New research conducted by a team from University of California San Francisco highlights the prevalence of chronic pain in older adults with dementia who live at home. The study appears online and will be published next month in Journal of the American Geriatrics Society. Lead author Lauren Hunt, RN, MSN, and PhD candidate at UCSF School of Nursing, undertook the study to test her own observations of the correlation between dementia and pain. “I was motivated to conduct this research study to understand the issue from the broader national prospective” Hunt relates. “It turns out that pain is very common in this population and is frequently severe enough to limit activities.” Dementia, including Alzheimer’s afflicts more than 4.5 million Americans, with the number expected to triple in the next 25 years.
More than 75% of older adults with dementia live in private homes, and as most studies of the population have been conducted in nursing homes, little is known about their health as it relates to pain. The UCSF team engaged the National Health and Aging Trends Study (NHATS) in which in-home measurement of physical and cognitive function of Medicare enrollees is assessed. The study found that, of patients with dementia, two-thirds reported pain and 43% had pain severe enough to limit activities. Only 27% of respondents without dementia were similarly affected. Risk factors for pain in the study cohort included arthritis, heart and lung disease, less than a high school education, activity of daily living disability, depressive and anxiety symptoms, and low energy. Among those reporting pain, 30% rarely or never took any relieving medications. The authors conclude that their findings highlight the need for “creative solutions” to ensure that pain is adequately managed in this population.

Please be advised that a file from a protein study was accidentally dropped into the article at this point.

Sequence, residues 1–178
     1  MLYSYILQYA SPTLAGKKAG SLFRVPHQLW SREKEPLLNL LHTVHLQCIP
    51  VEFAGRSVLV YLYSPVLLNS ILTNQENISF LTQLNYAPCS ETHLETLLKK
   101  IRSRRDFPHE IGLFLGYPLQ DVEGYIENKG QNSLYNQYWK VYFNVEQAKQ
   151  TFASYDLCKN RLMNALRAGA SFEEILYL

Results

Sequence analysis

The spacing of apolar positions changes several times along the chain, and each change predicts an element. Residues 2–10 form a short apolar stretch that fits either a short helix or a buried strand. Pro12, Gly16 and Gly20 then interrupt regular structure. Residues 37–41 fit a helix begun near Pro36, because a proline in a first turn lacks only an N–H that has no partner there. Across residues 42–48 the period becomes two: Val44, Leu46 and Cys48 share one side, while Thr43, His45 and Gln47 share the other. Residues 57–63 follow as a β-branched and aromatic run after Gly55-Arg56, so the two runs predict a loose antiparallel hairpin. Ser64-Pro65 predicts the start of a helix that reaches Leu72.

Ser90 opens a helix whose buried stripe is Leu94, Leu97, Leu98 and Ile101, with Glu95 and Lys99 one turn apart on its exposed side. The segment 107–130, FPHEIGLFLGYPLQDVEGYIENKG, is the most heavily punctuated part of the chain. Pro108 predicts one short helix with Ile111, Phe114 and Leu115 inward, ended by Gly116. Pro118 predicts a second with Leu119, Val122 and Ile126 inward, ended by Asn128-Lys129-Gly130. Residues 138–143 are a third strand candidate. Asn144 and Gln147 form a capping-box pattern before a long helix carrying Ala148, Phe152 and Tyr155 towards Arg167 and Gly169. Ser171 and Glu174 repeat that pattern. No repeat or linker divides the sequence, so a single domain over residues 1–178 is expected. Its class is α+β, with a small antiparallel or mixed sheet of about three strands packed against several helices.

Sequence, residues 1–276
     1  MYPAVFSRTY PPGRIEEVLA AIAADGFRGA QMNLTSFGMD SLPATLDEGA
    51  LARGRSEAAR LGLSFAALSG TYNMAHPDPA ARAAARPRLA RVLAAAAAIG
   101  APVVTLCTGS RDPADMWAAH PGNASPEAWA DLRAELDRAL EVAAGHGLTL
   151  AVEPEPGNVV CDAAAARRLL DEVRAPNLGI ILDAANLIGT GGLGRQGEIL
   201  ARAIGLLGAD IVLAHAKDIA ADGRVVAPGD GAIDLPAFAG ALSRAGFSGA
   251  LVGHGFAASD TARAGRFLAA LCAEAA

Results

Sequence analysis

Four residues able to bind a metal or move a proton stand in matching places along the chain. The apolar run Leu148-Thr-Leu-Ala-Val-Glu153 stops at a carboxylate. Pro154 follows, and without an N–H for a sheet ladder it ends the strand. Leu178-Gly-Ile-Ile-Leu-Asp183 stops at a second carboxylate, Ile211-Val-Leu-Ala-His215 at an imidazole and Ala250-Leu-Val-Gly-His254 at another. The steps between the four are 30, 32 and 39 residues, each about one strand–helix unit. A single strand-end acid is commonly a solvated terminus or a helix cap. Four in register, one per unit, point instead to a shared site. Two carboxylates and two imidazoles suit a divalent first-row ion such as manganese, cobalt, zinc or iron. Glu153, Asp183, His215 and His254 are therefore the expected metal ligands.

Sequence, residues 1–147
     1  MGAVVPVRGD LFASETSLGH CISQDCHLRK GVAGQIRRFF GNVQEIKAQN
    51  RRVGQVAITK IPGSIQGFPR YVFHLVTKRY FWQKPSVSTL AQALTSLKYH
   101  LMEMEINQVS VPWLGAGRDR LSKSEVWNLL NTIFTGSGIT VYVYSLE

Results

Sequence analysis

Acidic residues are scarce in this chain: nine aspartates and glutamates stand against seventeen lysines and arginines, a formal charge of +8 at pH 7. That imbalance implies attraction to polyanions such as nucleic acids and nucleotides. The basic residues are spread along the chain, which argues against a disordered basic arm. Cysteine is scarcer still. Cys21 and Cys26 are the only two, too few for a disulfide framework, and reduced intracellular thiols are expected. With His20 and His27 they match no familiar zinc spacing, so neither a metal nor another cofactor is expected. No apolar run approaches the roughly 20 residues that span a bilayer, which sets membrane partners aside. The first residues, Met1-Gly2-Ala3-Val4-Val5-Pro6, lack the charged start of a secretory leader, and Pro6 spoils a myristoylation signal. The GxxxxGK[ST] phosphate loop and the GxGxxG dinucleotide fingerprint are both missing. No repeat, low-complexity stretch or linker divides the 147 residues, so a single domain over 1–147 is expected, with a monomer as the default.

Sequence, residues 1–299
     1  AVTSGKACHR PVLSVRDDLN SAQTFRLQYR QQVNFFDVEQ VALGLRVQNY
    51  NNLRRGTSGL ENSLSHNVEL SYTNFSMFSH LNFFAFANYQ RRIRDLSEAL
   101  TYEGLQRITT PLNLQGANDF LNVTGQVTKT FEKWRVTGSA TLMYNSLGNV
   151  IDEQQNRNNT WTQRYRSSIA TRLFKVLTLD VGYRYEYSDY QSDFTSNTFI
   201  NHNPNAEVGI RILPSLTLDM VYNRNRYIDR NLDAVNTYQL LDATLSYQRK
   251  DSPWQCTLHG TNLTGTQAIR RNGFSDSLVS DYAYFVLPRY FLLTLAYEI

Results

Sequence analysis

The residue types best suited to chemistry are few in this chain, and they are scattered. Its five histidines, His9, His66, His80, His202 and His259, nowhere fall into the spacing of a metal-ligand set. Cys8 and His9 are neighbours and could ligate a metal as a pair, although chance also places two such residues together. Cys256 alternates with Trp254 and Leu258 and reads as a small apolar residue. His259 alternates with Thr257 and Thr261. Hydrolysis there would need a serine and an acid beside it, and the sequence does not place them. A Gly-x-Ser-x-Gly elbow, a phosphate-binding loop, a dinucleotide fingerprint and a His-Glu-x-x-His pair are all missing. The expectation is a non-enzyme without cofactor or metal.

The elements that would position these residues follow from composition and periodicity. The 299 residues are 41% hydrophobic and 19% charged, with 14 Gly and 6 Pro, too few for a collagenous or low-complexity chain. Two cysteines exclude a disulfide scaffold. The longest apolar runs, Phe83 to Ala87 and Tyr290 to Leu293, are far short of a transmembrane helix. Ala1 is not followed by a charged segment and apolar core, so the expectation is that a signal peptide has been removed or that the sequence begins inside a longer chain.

Link to articles about palliative care, here.
Read a news story about the study here.
The journal abstract, with link to the full article may be read here.